This afternoon I also got to go outside the protective embrace of my house to check out my first game-that-isn't-out-yet in a while, which I'll be writing up for Shacknews, another site I spend too much time on. This will be my first freelance writing assignment, so it's fitting I'm doing it for a site I've been active on in some way or another since it was called sCary's Quakeholio back in like, geez, '96? Anyway, the game is Fallout 3, the impressions are positive, the embargo is Thursday.

Call of Duty 4 and its variety map pack are dominating my game time right now, to the exclusion of entirely new games that go yet untouched. Playing last night, it occurred to me how long it's been since pure deathmatch was a compelling game type in an online shooter -- but team DM is indeed what I play in COD4 the most. (Looking at some quick stats, it seems to be far and away the most popular mode in general.) That testifies to just how damn good the basic run-'n-gun in that game is. The pacing, the feel of the weapons, the hit response animations -- everything it takes to make up basic first-person shooter gameplay -- are all so perfect. I don't think I could ever get tired of it.

If anyone is still reading this blog, what are you playing these days? I feel like I need to branch out a little. Suggest something!

Lastly, if you happened to get a nostalgic jones to play a little Zork just now, here's a good free option for doing that.

Tuesday, April 1, 2008

Nobody's Fool

In defiance of the calendar, today's post will be 100 percent earnest and truthful. Sorry! I'm not a very funny guy (not intentionally, at least), and it's good to know your limits.

I wondered how the fine folks at Doofy Crap would handle today's occasion (their first, to my reckoning). They deal in the droll on a daily basis, after all. When your MO is tomfoolery, what do you do on the day when everyone else gets stupid? Do they cancel each other out, like a double negative? I wasn't disappointed in the Doofy response.

On a more serious and work-related note, Jeremy Dunham over at IGN was kind enough to invite me onto their GameSages podcast yesterday, along with Official Xbox Magazine senior editor Dan Amrich, and current TeamXbox contributing editor and games press elder statesman Andy Eddy. (I was a big fan of Andy's first magazine Video Games & Computer Entertainment -- one of the first intelligent console-game magazines, and one of the first game magazines I avidly read -- so it was a real gas to get to share a podcast table with him.) The topic was the games press: the ins and outs of writing about games, how to break into the industry, misconceptions about the job, the standards of games criticism, that sort of thing. Haven't heard the final product yet, but I think we had a really good discussion, and we managed to exceed GarageBand's maximum track length before we finished. Give it a listen, and feel free to bitch about my boring monotone; it wouldn't be a podcast without it.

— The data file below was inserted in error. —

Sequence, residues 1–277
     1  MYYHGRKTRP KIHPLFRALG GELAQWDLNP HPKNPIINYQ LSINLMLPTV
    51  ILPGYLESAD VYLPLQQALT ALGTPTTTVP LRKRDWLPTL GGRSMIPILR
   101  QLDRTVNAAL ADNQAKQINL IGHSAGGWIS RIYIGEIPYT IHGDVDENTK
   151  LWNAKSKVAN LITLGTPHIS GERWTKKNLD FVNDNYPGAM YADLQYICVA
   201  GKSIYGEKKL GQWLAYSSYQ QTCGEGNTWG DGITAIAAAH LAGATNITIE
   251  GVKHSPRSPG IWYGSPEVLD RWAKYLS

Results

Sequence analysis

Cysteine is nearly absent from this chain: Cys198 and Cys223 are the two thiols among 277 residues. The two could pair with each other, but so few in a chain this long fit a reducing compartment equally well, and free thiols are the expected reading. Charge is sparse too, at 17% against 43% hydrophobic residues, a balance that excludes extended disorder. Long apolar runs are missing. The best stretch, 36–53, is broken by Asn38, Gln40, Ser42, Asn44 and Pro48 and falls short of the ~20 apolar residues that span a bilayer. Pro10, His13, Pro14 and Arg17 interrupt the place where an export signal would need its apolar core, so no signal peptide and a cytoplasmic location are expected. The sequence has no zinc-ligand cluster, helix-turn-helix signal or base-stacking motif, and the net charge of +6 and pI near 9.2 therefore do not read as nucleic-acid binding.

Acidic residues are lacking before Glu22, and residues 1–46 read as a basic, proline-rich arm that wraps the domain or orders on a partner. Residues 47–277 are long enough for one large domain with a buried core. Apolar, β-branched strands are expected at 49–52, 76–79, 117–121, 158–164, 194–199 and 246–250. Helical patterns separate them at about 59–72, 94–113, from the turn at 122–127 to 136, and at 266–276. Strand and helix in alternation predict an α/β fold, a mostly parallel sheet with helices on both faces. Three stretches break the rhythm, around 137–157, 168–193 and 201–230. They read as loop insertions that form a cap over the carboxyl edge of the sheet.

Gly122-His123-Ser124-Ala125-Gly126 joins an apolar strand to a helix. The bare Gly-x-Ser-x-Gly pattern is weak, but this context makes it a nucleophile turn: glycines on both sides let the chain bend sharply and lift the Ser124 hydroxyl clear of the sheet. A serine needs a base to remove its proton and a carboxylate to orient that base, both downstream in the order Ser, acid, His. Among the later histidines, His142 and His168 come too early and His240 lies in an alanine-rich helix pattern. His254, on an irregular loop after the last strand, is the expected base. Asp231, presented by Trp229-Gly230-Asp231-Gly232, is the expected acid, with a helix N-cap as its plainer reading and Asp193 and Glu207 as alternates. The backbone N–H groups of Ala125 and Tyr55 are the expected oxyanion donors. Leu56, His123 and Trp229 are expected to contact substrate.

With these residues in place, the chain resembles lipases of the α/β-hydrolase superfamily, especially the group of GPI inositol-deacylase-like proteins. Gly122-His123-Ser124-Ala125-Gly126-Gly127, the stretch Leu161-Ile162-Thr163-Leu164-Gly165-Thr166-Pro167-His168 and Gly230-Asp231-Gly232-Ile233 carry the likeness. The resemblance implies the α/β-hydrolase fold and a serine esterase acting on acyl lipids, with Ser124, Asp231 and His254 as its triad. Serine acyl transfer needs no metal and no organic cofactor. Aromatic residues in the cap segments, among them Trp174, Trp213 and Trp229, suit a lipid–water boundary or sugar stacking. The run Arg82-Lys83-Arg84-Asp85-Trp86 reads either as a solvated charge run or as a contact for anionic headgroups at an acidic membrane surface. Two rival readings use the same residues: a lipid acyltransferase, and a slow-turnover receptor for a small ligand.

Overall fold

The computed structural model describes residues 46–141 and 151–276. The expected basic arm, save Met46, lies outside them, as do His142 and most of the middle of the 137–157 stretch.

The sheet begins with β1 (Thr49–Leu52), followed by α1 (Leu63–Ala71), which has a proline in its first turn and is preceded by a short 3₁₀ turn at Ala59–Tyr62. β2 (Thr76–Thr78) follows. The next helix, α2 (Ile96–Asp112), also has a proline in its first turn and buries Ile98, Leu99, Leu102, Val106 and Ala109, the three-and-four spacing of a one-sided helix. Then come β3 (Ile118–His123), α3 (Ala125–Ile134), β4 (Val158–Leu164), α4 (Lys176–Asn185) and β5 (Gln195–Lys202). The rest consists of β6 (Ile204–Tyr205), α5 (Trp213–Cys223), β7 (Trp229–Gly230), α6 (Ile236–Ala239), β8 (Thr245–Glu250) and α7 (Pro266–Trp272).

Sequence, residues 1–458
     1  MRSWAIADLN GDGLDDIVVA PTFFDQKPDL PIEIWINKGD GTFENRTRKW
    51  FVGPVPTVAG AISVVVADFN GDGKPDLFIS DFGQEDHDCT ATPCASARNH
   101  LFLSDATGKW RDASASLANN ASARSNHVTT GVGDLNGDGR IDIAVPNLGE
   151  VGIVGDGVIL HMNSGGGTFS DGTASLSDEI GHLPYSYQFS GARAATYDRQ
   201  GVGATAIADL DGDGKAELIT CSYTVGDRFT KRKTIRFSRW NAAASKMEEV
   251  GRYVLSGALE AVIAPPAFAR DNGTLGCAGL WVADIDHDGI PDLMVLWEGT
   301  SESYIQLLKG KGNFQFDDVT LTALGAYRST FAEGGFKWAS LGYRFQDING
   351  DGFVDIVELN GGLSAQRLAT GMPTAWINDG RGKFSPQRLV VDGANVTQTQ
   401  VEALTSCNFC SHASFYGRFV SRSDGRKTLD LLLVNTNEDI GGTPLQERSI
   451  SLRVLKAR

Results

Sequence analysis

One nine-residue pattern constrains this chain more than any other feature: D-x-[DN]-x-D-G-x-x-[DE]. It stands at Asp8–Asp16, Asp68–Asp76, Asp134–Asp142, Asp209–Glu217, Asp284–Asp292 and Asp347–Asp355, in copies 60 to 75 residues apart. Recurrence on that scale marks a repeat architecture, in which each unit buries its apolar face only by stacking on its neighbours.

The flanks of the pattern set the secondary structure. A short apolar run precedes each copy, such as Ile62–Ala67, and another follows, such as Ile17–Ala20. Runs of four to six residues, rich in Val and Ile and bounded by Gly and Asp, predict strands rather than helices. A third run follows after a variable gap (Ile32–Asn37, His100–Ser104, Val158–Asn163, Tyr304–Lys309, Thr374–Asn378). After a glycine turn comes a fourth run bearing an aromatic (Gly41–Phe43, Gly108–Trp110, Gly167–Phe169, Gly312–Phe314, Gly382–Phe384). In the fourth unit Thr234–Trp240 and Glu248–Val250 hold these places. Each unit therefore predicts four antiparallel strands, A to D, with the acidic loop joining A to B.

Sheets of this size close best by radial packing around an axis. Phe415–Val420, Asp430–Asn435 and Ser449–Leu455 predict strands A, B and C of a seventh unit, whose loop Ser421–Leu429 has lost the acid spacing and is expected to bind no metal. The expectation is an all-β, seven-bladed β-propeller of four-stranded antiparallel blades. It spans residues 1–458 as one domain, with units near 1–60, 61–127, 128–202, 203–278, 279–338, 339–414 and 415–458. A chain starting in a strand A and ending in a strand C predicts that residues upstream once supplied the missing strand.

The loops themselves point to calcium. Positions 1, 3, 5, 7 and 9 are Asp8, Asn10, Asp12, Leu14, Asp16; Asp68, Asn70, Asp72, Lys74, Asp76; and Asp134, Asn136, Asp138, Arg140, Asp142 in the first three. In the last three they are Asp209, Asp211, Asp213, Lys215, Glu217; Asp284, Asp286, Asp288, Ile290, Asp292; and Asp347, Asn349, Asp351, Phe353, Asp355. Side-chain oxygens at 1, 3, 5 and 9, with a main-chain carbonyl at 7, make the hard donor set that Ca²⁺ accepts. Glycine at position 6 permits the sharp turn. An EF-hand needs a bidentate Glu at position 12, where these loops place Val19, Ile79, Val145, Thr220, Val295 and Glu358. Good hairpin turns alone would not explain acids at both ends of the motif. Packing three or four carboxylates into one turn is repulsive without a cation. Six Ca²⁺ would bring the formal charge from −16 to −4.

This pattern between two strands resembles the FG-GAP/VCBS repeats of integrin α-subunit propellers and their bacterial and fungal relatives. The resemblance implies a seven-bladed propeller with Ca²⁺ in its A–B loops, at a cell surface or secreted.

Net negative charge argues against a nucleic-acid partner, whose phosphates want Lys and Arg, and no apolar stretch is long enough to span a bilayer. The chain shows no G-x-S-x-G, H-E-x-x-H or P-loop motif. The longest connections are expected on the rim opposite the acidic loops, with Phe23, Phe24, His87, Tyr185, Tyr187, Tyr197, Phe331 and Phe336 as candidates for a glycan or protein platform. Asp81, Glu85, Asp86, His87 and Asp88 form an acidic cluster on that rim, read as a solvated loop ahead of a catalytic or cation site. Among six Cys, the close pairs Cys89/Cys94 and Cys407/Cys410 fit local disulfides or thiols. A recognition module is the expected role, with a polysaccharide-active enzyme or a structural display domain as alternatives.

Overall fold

Finally started playing some games again last night by jumping into a Company of Heroes skirmish match against AI with my buddy Mark from the east coast. And then another, and then another... By the time we quit I'd missed dinner and he'd stayed up late enough to (presumably) raise his wife's ire. Can't remember the last time I've been so enthralled by a strategy game (probably Starcraft), nor so humbled by a strat game's AI opponents. Still learning the tech tree and abilities, in my defense, but we only won one out of at least four matches against two AI players at the 'normal' level, which behaved in surprisingly dynamic and competitive ways. We got worked, basically.

I love the way COH handles resource nodes: they're small, strategically valuable points spread diffusely all over the map that you capture the same way you'd capture a control point in a Battlefield game. It makes your defense absolutely crucial; you have to figure out the right kind of defenses for the terrain and buildings surrounding every point, not to mention choke points all over the map where the enemy will be sending armor and infantry through. It was very tempting to play the game like Starcraft at first -- you know, build up a giant goddamn army and assign the whole thing to the 1 key, then roam around the map obliterating the other guy's expansions. But you so can't play COH that way. It's all about splitting up your troops into specialized teams, using the map features to your advantage, flanking the enemy position. It feels more like real warfare than most RTS games I've played; by way of analogy, COH is to RTS as the original Ghost Recon games were to Quake (but unlike Ghost Recon, COH doesn't make me want to punch myself repeatedly in the temples).

Company of Heroes and its standalone expansion Opposing Fronts are both on Steam as a combo pack for $40, and so far I can say it's worth every damn penny. I was waiting for Starcraft II to revitalize my interest in real-time strategy games (and still I can't wait to play it, especially now), but COH has really beaten it to the punch.

Wednesday, March 26, 2008

It Goes on Everything

Last Sunday morning a considerable contingent of GameSpot editors and producers past and present, their significant others, and even my own parents converged on San Francisco's best British pub, the Pig & Whistle. Led by our resident loveable limey Justin Calvert, we took part in the sort of terrible breakfast gluttony that I thought was unknown outside my own native southeast. Ladies and gents, I give you the Full English:

That's baked beans, bangers (sausage to us yanks), bacon, a frightening mess of scrambled eggs, English muffin, fried potatoes (how did I forget the fried potatoes?) and one lonely slice of fresh tomato. Understand this picture represents no more than two-thirds of the original quantity of food; I was so excited to start eating that I actually forgot to take a picture beforehand. Here's the aftermath, in which I take a great deal of pride: